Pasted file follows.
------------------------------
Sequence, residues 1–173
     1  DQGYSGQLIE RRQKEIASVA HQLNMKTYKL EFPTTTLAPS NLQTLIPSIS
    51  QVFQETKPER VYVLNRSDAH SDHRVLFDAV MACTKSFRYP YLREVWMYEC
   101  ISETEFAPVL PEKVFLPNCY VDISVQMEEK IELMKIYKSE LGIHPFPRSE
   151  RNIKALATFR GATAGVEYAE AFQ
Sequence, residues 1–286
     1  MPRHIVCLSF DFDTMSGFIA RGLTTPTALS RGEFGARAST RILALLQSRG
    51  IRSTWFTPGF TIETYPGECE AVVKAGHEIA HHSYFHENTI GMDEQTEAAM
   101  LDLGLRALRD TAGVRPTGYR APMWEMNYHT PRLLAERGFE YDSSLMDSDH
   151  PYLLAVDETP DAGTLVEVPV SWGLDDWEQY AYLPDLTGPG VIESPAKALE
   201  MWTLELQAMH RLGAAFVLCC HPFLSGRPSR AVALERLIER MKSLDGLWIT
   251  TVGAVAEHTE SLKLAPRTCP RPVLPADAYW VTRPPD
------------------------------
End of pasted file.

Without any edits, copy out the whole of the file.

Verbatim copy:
Sequence, residues 1–173
     1  DQGYSGQLIE RRQKEIASVA HQLNMKTYKL EFPTTTLAPS NLQTLIPSIS
    51  QVFQETKPER VYVLNRSDAH SDHRVLFDAV MACTKSFRYP YLREVWMYEC
   101  ISETEFAPVL PEKVFLPNCY VDISVQMEEK IELMKIYKSE LGIHPFPRSE
   151  RNIKALATFR GATAGVEYAE AFQ
Sequence, residues 1–286
     1  MPRHIVCLSF DFDTMSGFIA RGLTTPTALS RGEFGARAST RILALLQSRG
    51  IRSTWFTPGF TIETYPGECE AVVKAGHEIA HHSYFHENTI GMDEQTEAAM
   101  LDLGLRALRD TAGVRPTGYR APMWEMNYHT PRLLAERGFE YDSSLMDSDH
   151  PYLLAVDETP DAGTLVEVPV SWGLDDWEQY AYLPDLTGPG VIESPAKALE
   201  MWTLELQAMH RLGAAFVLCC HPFLSGRPSR AVALERLIER MKSLDGLWIT
   251  TVGAVAEHTE SLKLAPRTCP RPVLPADAYW VTRPPD